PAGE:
Christ Lives for Us to Share God’s Joy

Christ Lives for Us to Share God’s Joy May 15, 2021

God's Joy
“Jesus Goes up Alone Onto a Mountain to Pray,” by J. Tissot. Brooklyn Museum / Public Domain.


God’s joy is our calling.


For the Seventh Sunday of Easter

Acts 1:15-17, 20a, 20c-26. 1 John 4:11-16. John 17:11b-19.


Last Thursday here we celebrated Christ’s flesh and blood Ascension into heaven forty days after his Resurrection.

Next Sunday we shall celebrate the day of Pentecost, literally the Fiftieth after he rose from the dead.

In today’s first reading the Word of the Lord shows us one thing his Church did between his Ascension and Pentecost.

But right before what today’s first reading tells, his Church went to the house in whose upper room he gave his Eucharistic Body and Blood to his Church the night before his death.

That first House-of-the-Eucharist was also where he went to meet his gathered Church when he rose from the dead.

Now after his Ascension, the men and women of the Church gathered in the House-of-the-Eucharist, and with one accord devoted themselves to prayer, together with… Mary the mother of Jesus [Acts 1:14].

Then, as in today’s first reading, Peter took the lead in the House-of-the-Eucharist to have God show the Church a new apostle to take over from Judas the betrayer.

Peter said the new apostle had to be one of the companions of the first apostles during all their time with Christ from his Baptism until his Ascension.

The new apostle would join the others as a witness to Christ’s resurrection.

In the New Testament beginning with what Peter did in today’s first reading, the apostles described their work as overseeing or watching over the Church.

Overseeing or watching over is the meaning of the Bible’s Greek word that gave us the word bishop.

So before Pentecost the Church already had the face it still has, that is:  men and women gathered with apostolic bishops in the House-of-the-Eucharist, all with one accord devoted… to prayer, together with… Mary the mother of Jesus.

Today’s Gospel shows even Christ as devoted to prayer with the first members of his apostolic Church.

In today’s Gospel, Christ and his Church are at his Last Supper in the first House-of-the-Eucharist.

And you and I of the same apostolic Church are now gathered in another House-of-the-Eucharist.

In today’s Gospel all the Church was silent as Christ lifted up his eyes and voice in prayer to his Father in heaven.

As you and I stood for the sound of the Gospel, we heard God the Son pray for us.

Holy Father….
Consecrate them in the truth. Your word is truth.
As you SENT me into the world,
so I SENT them into the world.

The Father sent Christ into the world, and Christ sent the Church into the world.

Sent is the literal meaning of the Bible’s original Greek word apostle.

Christ is the Father’s apostle, and the Church is Christ’s apostlesent into the world to do what his prayer upholds.

And I CONSECRATE myself for them,
so that they also may be CONSECRATED in truth.

To consecrate is the same as to sanctify or to make holy.

It is to set apart something or someone for the sake of God.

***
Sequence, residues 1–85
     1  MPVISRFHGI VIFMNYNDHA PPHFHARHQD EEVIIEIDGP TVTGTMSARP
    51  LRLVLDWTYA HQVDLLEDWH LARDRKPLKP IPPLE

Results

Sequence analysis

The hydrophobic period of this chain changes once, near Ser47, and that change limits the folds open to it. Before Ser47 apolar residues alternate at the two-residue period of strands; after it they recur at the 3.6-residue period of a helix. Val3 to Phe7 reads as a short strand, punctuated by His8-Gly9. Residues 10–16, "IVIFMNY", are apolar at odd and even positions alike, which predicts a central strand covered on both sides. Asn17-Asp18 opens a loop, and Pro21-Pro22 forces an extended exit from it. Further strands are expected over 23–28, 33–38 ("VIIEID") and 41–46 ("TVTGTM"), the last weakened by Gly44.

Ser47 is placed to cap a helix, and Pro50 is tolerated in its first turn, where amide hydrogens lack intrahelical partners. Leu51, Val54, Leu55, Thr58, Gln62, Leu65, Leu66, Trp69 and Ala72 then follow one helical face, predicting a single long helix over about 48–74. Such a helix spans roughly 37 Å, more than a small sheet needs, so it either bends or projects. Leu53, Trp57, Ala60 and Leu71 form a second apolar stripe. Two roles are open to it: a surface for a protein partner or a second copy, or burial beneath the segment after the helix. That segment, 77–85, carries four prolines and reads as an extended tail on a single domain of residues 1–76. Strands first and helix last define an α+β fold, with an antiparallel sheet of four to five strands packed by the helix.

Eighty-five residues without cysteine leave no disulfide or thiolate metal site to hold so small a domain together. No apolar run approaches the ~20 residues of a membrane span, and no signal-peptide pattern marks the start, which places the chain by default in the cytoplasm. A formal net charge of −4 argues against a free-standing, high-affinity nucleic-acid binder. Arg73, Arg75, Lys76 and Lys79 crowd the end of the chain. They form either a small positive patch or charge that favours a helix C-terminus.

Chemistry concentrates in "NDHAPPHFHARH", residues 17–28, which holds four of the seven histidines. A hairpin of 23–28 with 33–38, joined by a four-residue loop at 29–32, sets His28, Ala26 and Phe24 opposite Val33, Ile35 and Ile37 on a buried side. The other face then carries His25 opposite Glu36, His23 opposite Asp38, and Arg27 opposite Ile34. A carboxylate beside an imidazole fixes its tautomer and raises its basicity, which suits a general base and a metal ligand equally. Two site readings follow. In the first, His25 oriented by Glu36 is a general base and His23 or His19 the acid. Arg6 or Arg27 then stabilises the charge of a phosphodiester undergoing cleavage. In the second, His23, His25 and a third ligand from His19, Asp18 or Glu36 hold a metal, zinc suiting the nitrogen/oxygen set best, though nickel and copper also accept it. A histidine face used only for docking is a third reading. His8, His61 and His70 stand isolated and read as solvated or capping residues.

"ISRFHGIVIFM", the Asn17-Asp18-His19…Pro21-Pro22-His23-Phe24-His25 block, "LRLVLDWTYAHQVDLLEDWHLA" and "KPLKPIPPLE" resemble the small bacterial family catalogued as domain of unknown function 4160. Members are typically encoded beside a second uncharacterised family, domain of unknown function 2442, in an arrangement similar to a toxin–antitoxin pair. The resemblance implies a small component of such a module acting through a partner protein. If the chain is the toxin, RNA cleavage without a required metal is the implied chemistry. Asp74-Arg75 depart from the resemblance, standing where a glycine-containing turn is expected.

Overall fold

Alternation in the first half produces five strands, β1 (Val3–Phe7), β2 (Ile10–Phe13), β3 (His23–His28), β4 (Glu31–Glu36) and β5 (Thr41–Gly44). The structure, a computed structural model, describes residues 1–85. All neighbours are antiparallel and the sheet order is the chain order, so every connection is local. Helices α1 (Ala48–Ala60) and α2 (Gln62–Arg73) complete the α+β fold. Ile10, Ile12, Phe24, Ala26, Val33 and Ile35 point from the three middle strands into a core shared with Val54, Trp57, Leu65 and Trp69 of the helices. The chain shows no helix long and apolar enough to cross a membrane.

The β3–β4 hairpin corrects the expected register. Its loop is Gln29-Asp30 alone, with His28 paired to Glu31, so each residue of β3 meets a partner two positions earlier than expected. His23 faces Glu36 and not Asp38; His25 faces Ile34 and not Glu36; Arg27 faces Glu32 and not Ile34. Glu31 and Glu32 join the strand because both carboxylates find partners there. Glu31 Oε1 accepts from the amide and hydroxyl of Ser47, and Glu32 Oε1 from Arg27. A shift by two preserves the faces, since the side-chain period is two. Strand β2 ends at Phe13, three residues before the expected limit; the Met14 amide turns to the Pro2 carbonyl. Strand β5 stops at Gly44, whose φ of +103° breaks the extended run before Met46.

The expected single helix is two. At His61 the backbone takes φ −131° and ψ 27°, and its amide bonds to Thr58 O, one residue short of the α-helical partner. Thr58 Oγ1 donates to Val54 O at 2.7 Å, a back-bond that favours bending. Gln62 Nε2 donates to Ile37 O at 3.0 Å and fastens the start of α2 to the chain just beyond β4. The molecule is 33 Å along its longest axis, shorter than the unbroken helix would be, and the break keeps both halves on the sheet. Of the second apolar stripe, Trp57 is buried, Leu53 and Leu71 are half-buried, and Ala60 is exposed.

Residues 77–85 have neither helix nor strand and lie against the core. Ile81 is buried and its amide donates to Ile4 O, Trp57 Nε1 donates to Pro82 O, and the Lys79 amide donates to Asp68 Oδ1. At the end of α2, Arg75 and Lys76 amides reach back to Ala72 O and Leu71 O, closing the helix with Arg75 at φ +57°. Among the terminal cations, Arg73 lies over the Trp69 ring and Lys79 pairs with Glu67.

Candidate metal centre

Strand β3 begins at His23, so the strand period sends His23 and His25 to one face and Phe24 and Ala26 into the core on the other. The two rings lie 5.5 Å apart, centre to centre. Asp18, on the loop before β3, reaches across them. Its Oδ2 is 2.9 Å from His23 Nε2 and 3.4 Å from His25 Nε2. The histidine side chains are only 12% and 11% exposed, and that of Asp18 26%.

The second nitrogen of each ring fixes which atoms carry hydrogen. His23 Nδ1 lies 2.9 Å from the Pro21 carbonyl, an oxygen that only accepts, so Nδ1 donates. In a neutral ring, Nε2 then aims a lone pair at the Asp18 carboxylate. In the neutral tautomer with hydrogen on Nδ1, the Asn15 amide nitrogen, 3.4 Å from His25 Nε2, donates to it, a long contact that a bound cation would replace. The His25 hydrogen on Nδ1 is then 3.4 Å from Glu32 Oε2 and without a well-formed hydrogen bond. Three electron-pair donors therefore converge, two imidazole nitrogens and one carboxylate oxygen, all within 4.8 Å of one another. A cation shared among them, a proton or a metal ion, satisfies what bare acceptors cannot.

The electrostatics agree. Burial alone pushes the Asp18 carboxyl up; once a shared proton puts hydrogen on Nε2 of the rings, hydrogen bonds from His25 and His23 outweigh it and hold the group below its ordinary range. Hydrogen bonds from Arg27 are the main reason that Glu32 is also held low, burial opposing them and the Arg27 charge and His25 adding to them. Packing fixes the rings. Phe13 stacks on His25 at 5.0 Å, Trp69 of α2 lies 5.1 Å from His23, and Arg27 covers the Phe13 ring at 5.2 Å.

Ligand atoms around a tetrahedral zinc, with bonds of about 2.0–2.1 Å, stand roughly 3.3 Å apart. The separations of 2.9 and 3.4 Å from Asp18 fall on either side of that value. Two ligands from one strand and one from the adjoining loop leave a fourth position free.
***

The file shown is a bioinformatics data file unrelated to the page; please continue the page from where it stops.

God is everywhere, but is also set apart from the universe that he created out of nothing.

He is separate from the universe, before it, above it and beyond it.

Christ prayed not that the Father take us out of the world into which he sent us.

Rather, Christ prayed the Father to keep us from the evil one.

Christ prayed the Father to keep us holy, that is, to keep us in the Father’s name.

He prayed that we be consecrated in truth.

Holy Father, keep them in your name….
Consecrate them IN THE TRUTH.
And I consecrate myself for them,
so that they also may be consecrated IN TRUTH.

Having been sent into the world, Christ consecrated himself to the Father through life and death.

The deadly might of sin separates us from God.

But by raising Christ from death in newly living flesh and blood, the Father showed that Christ’s faithfulness and obedience broke sin’s deadly might.

The Flesh-and-Blood Resurrection and Ascension of Christ show the consecrating truth that even our flesh and blood is made for the glory of God.

So the apostles giving witness to the resurrection of Christ are thereby also giving witness that you and I of flesh and blood are made for the glory of God.

When in the Eucharist we take Christ in his Body and Blood into our body and blood, we are to join in his faithfulness and obedience to the Father.

In the Body and Blood of Christ, we eat and drink a covenant to join him whom the Father raised flesh and blood into glory.

In the Lord’s Body and Blood, we are consecrated, made holy in the truth that we with flesh and blood are made for God’s glory.

Holy Father….
Consecrate them in the truth.
And I consecrate myself for them,
so that they also may be consecrated in truth.

It is God’s truth that the steadfast faithful will ascend to live with the Father in heaven on earth when Christ returns.

We will be one with Christ just as he is one with the Father in one Holy Spirit.

That is our consecrating goal.

We do well to keep mindful of it.

We do best to live as wanting it apart from, before, above and beyond wanting the universe.

In the middle of today’s Gospel Christ as God gives the reason for us to have that goal:  I speak this in the world so that they may share my joy completely.

His joy, God’s joy.

The universe cannot hold God’s joy, but we will hold and share it completely if we abide faithfully for God.

God’s joy is our calling.


Turn. Love. Repeat.


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